THE Global Justice Movement Website

THE Global Justice Movement Website
This is the "Global Justice Movement" (dot org) we refer to in the title of this blog.

Wednesday, October 17, 2018

Distributism and Ronald Reagan, II

In yesterday’s posting we broke the astonishing news (a mere thirty-seven years old . . . so should it be called “olds” instead of “news”?) that Ronald Reagan, fortieth president of the United States, “the Gipper” in the second greatest movie ever made (the first, of course, being The Quiet Man), and the bane of whoever needs a convenient excuse or target for bane-ing, may have been a not-so-closet distributist! — that is, if you believe columnist John Chamberlain, but he’s a Dead White European Male (DWEM™), so you can believe anything you want . . . and you probably will . . .

Gilbert Keith Chesterton
Whatever you choose to believe, the fact remains that Reagan’s positive attitude to expanded capital ownership was compared favorably to the distributism of G.K. Chesterton and Hilaire Belloc, it was contrasted unfavorably with the Fabian socialism so often mistaken for distributism these days by people with agendas, and it did lead to the Presidential Task Force on Project Economic Justice being formed in 1985 and a report delivered in 1987 to Congress and also presented to His Holiness, Pope Saint John Paul II, who gave his personal encouragement of the work of the interfaith Center for Economic and Social Justice (CESJ), which had carried out the initiative of the Task Force.
No, not “fake news.”

President Ronald Reagan’s Speech on Project Economic Justice
Transcript of Speech Presented at the White House
Washington, D.C., August 3, 1987

Thank you. First and foremost, I would like to express my appreciation to Ambassador Middendorf, Norm Kurland, and the members of the Task Force for the time and effort they contributed to this project. Perhaps they could stand. Thank you.
J. William Middendorf, II
Scientists say a perpetual motion machine is impossible. Well, considering that this task force completed its work without any appropriation from Congress, I think we ought to introduce Bill Middendorf to a few scientists.
This country’s ultimate resource is the creative talent, hard work, and entrepreneurial spirit of individuals like Bill Middendorf, and like many of you here today. The American character-and that is what we are talking about-is no accident, no fluke of nature.
It was nurtured by the political and economic liberty that has been hailed and protected by generations of Americans. It is the source of power that turned a vast wilderness into an economy that has provided more opportunity and a higher standard of living for more people than any other in the history of mankind.
Today the pivotal relationship between freedom and economic progress is becoming ever more apparent. The root cause of stagnation in the developing world, clearly, is not a lack of resources, but a lack of freedom. In Ethiopia, for example, it has been the Communist Dictatorship even more than drought that has brought about such suffering and hunger.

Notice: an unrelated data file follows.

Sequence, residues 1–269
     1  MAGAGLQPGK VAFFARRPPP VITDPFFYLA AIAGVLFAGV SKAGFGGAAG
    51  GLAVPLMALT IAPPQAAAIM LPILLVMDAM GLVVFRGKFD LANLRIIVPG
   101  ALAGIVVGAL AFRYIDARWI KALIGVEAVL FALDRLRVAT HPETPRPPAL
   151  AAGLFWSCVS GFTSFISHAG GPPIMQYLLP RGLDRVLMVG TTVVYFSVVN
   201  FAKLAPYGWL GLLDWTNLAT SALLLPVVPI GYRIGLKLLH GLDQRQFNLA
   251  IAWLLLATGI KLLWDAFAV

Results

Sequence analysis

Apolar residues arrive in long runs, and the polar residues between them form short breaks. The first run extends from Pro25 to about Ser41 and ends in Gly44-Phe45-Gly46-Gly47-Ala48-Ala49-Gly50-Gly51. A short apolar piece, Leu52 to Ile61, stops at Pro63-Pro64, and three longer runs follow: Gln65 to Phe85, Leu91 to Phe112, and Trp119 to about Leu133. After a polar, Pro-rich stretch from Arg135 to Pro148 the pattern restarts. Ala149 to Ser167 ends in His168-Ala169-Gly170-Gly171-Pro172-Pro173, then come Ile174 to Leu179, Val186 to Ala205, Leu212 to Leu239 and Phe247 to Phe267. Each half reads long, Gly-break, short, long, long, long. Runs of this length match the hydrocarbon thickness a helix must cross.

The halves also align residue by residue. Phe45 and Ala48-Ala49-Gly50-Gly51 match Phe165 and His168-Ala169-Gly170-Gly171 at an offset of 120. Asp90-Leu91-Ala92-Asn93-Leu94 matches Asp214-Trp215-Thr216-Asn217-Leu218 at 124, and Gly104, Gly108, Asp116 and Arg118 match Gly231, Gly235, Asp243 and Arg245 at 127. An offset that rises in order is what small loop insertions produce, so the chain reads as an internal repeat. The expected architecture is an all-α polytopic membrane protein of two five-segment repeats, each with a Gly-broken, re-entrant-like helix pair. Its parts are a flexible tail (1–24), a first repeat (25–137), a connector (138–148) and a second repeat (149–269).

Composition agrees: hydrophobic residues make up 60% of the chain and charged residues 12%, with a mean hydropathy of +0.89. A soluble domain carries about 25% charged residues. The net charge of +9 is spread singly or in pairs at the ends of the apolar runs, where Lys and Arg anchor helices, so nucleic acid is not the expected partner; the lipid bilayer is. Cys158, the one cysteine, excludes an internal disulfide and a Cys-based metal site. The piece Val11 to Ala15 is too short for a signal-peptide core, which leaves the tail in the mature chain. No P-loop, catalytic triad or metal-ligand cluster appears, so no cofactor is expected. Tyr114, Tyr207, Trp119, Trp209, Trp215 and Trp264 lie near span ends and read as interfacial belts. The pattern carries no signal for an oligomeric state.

In so many countries, what will change despair into confidence, deprivation into plenty, stagnation into upward mobility, is a commitment to human freedom and an understanding of how that relates to the economic progress of mankind.
We see evidence of this is the great progress taking place on the Pacific rim. There, competition flourishes, the market is less controlled and the people are freer to invest and to engage in enterprise. They are more confident that they will be permitted to enjoy the fruits of their labor. Freedom of enterprise at an individual level builds countries from the bottom up. A lack of it, on the other hand, has the opposite effect.
Hernando de Soto
Economist and businessman Hernando De Soto conducted an extensive study of the economy of his native Peru that confirms this. He found the greatest impediments to progress in his country are laws, regulations, and government controls that suppress the common people’s entrepreneurial activities and prevent social and economic mobility. Those trying to improve their lot are hurt the worst.
Mr. De Soto describes how it took a lawyer and three others 301 days of full-time work, dealing with 11 Government Agencies, to get through the red tape necessary to put into business one small garment-making shop in Lima, Peru. According to Mr. De Soto, when the forms and paperwork were laid end-to-end, they measured 102 feet.
One researcher working on the project then tried the same experiment in Tampa, Florida, the entire process took 3-1/2 hours.
The controls and restrictions Mr. De Soto talks about are certainly not unique to Peru. Such Government intervention is often well-intended, but, in the end, it does not serve the needs of the people, as producers or consumers.
Far too many third world countries are immobilized by the policies that smother individual initiative and drain the private sector of resources. Instead of controlling the energies of their people, lesser developed countries should be freeing up and unleashing those energies.
Andres Bello, an intellectual giant of the last century, once said: “Liberty…gives wings to the spirit of enterprise wherever it meets it, it breathes breath into it where it does not exist.”
To be continued tomorrow, same time, same channel. . . .